Ackers' foot took hold of the lower deck and he walked out of the closet that stood in for the gangway, turned left and crossed through the inner hatch threshold that emptied into the operations area of the lander, where the Astral noncoms spent most of their time, and their Astral Field leaders were waiting for orders.

The Major moved to his traditional position, directly aft of the elevated cockpit, underneath the overhead video controls, facing the deactivated medical bunks subbing as seats between the two rows of bench seats where everyone sat, waiting.

Twenty-four sets of eyes stared back at him, seventeen enlisted personnel and seven officers.   He looked around and wondered again if he'd ever actually been young, and fit enough, to have done their jobs.

Having put in nineteen of his twenty-years qualifying service he could retire next year to a comfortable pension, but he couldn't imagine what he would do then.   This life was all he had ever known.   He knew that he'd stay until they forced him out.

Ackers reached up and flipped the toggle on the Briefing Switch.   The overhead unit running up the middle of the pit came to life and on each display appeared information relating to their mission.   Every brow furrowed when they realized it was Buffalo Commons.

With the system keyed for a well-practiced hand gesture Ackers was able to control the flow of information as he recapped the mission.   He could see each of the noncoms taking in the big picture, they still saw each of these as adventures.

But the officers were doing something else, mostly focused gazes at various monitors taking in hard facts and specifics.   Largely concentrating on the hurdles that faced them and the terrain they'd be operating on.

Ackers smiled at this.   Between the two approaches his team was going in well prepared.

It only took four minutes to finish the brief, another seventy-two seconds to answer any specific questions and then Ackers was climbing back up the ladder.

The Lander pilot, a pretty decent Fleet Lieutenant named Kelso Yancy, ran through the departure list in good time.   Coordinating with the Orbiter pilots, Cassidy and Newton, before the smaller craft was cleared to break free and proceed on final approach toward Rapid City.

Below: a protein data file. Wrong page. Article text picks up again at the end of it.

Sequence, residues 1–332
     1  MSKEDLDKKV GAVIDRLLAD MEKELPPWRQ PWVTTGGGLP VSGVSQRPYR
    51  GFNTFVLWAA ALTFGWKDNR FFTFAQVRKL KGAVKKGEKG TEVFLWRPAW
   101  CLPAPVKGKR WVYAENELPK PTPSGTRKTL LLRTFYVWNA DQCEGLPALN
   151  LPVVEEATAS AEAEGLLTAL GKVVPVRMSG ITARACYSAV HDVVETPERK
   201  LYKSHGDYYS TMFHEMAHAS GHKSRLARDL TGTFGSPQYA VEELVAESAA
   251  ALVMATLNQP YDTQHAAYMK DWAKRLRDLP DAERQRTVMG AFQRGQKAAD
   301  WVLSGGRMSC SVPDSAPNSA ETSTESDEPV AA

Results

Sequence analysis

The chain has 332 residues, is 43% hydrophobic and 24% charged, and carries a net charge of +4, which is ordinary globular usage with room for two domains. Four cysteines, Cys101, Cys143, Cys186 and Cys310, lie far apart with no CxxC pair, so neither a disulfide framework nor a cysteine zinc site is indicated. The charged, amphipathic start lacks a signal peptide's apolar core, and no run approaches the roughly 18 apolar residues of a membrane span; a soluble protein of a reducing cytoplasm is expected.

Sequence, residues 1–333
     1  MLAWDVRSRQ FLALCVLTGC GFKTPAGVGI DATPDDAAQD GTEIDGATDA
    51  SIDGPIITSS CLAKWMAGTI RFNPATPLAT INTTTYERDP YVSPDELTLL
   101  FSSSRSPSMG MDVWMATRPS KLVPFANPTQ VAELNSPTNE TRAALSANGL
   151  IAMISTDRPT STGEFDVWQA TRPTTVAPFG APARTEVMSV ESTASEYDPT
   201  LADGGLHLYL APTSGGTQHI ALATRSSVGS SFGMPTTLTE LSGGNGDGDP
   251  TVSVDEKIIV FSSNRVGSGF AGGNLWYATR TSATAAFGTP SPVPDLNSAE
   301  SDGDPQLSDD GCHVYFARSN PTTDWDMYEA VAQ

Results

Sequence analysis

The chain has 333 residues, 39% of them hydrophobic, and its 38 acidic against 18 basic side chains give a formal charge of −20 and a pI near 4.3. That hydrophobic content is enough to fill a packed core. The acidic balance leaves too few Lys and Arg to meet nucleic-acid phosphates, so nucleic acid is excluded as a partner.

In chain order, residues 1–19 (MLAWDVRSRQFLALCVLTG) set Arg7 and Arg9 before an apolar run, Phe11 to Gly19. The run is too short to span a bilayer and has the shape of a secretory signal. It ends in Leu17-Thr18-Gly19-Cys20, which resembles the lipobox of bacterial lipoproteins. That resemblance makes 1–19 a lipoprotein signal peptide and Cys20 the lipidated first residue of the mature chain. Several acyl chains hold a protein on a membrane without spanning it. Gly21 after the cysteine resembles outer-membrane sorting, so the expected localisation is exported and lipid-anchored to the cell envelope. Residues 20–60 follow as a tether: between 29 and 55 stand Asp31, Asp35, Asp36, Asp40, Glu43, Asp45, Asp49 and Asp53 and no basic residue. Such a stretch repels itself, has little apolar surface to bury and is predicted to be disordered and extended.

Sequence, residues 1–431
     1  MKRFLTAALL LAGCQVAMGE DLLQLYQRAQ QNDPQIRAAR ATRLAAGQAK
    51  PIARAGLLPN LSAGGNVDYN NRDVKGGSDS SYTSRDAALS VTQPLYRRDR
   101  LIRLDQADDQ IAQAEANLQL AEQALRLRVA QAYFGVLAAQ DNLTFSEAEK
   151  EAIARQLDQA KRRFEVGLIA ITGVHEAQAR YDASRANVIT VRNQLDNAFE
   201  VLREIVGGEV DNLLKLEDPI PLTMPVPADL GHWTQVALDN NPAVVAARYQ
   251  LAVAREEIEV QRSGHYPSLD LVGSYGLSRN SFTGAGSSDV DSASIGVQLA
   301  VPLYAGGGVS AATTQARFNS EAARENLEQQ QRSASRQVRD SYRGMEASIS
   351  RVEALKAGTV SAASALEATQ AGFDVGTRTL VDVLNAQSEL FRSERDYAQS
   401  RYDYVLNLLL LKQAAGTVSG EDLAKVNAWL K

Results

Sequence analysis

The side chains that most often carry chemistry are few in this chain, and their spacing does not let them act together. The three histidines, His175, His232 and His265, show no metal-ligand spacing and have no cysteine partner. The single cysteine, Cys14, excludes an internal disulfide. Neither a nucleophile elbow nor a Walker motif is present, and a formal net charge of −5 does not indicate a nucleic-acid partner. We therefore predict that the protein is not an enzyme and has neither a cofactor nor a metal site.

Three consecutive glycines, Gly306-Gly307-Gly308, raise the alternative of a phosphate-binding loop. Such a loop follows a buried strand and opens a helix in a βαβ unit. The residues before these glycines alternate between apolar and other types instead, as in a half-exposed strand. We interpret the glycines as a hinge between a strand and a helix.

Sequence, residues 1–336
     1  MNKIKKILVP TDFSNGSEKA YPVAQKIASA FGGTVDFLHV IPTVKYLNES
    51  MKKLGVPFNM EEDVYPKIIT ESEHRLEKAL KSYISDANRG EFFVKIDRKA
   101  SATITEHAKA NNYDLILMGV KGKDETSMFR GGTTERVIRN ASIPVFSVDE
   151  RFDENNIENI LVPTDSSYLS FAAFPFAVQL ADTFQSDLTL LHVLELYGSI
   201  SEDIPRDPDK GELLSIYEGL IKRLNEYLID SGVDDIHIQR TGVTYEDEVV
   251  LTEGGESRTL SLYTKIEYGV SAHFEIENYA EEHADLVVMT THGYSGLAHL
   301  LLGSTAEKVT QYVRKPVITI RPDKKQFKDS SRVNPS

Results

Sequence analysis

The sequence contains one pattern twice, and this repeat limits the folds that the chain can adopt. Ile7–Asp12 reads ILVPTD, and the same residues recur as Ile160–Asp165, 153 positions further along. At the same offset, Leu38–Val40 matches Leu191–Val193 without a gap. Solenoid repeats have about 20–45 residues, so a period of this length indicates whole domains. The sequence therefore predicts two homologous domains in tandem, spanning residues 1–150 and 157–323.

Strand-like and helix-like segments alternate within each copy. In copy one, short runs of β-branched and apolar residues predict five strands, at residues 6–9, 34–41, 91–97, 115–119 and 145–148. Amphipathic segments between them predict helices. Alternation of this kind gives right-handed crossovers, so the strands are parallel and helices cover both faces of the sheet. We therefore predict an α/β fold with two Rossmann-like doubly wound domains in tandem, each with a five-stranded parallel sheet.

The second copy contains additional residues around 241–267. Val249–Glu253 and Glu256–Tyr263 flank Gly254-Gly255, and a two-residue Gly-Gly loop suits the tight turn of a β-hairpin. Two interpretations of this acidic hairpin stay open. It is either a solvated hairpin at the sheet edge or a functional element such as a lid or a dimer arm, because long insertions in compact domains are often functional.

The plan this time included extra fun though.   Fixed to the aft half of the upper deck were the six nested Hornets.   Small thin craft reminiscent of old style attack helicopters, only without the blades.

Normally the Hornets stayed nested, many of Cimarron's missions were too covert to risk multiple in-bounds, but for this mission on-site aerial support would be welcome.

There was no indication their opposition had Surface-to-Air weaponry and the Hornets were equipped with O-T-H capabilities.   But launching the Hornets Earthward meant the Orbiter had to plunge deeper into the atmosphere than normal, down to the upper levels of the Thermosphere.

This part of the ride had to be done gently in order to keep the outer hull temperature down, but that did nothing for the Grav-Plates which would be working over-time to control the drop.

At one hundred kilometres altitude, very near the mesospheric layer, the Hornets launched.   Their grav-plates would handle the rest of the drop as they scattered and began their approach toward the Target Zone from six different points.

They would stay just beyond range, ready to engage if needed, in many cases staying just behind trees or hills so that only their projected tower, extended to its full height, would be visible.

This Over-The-Horizon capability would allow these craft to close the distance as much as possible, keeping close watch on the drop zone without alerting their opponent; but the approach would take time, as the pilots eased through the tree tops while ensured they didn't blunder upon a forward scout.

Hornet pilotry was an often dismissed art in Fleet circles.   Why would anyone want to ride a slow moving hunk of metal in support of ground troops, when they could get behind the stick of a high-speed interceptor and run flat-out in the open spaces past Saturn's orbit?

Yet for the pilots who sat in these seats, it was a different story.   This wasn't about speed, it wasn't about guiding a series of automatics that didn't really even need you.   This was real flying.

Hovering five tonnes of metal, a hundred and six metres over the ground below, guiding it between the branches of towering Spruce trees without disrupting bee-hives and bird's nests required true skill, precision and nerves of steel.   Hornet drivers had those in spades.

They took their positions, closed the distance as best they could and once they were set, just beyond range of the target, each of them chirped to the Ground Leader they were "in socket".

* * *